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May 20, 2009
- Concrete foundation wall
- Uninsulated slab
- R-13 fiberglass insulation in a framed wall
- Polyethylene vapor barrier
- Uninsulated slab
This is another alternative to the minimum code required basement insulation in DOE climate zones 4 and higher. This construction uses a 2x4 framed wall against the concrete foundation with R-13 batts in the stud space.
This construction technique performs very similarly to High-R Foundation 2. The parallel path method, taking into account the higher conductivity of the framing members at 24” on center results in a R-value inside the concrete wall of R-12.6. This results in a total annual predicted heating energy loss 23.9 MBtus, a savings of 32.8 MBtus.
This insulation strategy has a very similar poor moisture control level to High-R Foundation 2. Moisture is constantly moving from the below grade exterior portion of the foundation wall to the interior, and becoming trapped in the framed wall cavity. The relative humidity is elevated and condensation is almost guaranteed both on the concrete wall and on the polyethylene vapor barrier throughout the year (Figure 2). If there is air leakage (or the facer is air permeable) there is condensation potential on the concrete foundation through most of the year as shown in Figure 3. Because these simulations are one dimensional, they are good approximations, but heat flow in the foundation wall is three dimensional. Also, in the air permeable insulation, convective looping is likely, which may increase the condensation above predicted results. Field investigations show that it is quite common to get high quantities of mould in this wall system.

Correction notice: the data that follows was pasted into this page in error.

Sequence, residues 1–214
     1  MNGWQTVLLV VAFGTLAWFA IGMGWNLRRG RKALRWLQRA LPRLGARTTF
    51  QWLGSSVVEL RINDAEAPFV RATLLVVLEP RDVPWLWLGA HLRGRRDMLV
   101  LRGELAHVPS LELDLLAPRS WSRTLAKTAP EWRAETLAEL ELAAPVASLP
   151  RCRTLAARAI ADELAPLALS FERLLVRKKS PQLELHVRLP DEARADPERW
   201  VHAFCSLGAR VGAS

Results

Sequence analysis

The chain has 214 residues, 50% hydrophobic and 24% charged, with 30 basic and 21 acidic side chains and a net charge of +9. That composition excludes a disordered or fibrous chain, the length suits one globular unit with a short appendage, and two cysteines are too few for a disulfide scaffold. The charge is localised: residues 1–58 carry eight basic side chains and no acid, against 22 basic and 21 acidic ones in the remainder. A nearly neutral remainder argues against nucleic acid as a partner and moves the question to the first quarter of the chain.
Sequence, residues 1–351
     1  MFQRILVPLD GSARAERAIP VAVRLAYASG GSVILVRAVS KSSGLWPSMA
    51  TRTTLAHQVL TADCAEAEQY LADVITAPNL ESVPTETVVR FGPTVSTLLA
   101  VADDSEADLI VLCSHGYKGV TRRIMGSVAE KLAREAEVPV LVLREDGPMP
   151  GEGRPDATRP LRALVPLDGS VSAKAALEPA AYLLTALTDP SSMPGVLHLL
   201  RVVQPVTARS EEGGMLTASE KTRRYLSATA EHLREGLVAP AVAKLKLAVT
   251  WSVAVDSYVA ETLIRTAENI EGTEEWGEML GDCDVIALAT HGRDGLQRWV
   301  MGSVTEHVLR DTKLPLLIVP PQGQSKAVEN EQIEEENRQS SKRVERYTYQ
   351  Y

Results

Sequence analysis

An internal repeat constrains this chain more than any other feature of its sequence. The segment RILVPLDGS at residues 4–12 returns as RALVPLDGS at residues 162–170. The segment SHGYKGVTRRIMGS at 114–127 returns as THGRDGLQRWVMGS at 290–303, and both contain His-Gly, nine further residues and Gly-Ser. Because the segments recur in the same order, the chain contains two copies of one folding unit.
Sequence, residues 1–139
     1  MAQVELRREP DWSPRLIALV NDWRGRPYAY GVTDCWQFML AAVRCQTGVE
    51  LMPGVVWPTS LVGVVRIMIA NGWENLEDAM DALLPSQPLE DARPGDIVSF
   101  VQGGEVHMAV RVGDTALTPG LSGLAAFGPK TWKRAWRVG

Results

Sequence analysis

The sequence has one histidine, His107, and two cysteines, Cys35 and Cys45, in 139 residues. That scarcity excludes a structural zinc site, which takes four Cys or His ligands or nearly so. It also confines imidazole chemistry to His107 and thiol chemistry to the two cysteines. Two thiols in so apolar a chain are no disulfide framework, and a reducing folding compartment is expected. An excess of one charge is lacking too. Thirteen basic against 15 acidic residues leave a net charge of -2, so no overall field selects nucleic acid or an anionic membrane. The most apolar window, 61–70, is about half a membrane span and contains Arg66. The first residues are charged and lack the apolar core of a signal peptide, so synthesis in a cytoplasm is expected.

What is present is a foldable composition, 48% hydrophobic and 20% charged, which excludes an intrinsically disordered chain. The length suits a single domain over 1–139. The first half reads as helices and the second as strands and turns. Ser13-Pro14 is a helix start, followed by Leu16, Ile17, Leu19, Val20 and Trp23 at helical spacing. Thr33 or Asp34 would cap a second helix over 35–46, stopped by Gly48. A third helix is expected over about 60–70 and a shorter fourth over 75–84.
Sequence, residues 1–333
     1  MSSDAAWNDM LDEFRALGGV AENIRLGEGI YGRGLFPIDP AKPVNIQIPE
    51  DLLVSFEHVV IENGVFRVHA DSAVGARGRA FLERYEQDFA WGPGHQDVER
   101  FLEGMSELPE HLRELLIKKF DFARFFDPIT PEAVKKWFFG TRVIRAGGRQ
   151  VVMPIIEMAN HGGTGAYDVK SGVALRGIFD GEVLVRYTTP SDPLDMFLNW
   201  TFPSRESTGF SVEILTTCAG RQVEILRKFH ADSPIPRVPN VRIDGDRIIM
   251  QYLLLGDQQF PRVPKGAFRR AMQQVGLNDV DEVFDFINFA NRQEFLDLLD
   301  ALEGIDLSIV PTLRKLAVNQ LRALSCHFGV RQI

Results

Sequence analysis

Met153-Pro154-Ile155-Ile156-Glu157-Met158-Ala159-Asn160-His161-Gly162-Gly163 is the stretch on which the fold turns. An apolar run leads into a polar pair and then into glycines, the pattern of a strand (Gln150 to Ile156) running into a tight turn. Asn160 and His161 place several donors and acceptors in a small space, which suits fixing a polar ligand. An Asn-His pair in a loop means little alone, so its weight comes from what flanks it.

Figure 2: Predicted RH at the interior surface of the concrete foundation wall
Figure 3: Condensation potential for interior air on the surface of the concrete foundation wall
Constructability and Cost
This wall is slightly more expensive than High-R Foundation 2 because of the framing lumber required but does have the added benefit of being able to finish it easier by adding services and drywall easier.
This wall construction technique is not recommended, because of the obvious moisture related durability issues observed in the field, and shown by simulations. The wood framing in this wall is at risk of mold and rot after prolonged exposure to the conditions predicted in the wall system.
Mitalas, G.P., Calculation of Basement Heat Loss, National Research Council Canada.
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